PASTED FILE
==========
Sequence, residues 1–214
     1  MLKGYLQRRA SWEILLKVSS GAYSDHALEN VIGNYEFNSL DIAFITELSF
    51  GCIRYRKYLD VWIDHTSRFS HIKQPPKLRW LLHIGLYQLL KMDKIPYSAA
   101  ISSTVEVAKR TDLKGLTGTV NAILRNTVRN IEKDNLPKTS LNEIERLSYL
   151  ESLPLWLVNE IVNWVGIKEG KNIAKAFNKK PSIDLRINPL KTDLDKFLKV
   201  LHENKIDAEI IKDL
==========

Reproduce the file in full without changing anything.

Sequence, residues 1–214
     1  MLKGYLQRRA SWEILLKVSS GAYSDHALEN VIGNYEFNSL DIAFITELSF
    51  GCIRYRKYLD VWIDHTSRFS HIKQPPKLRW LLHIGLYQLL KMDKIPYSAA
   101  ISSTVEVAKR TDLKGLTGTV NAILRNTVRN IEKDNLPKTS LNEIERLSYL
   151  ESLPLWLVNE IVNWVGIKEG KNIAKAFNKK PSIDLRINPL KTDLDKFLKV
   201  LHENKIDAEI IKDL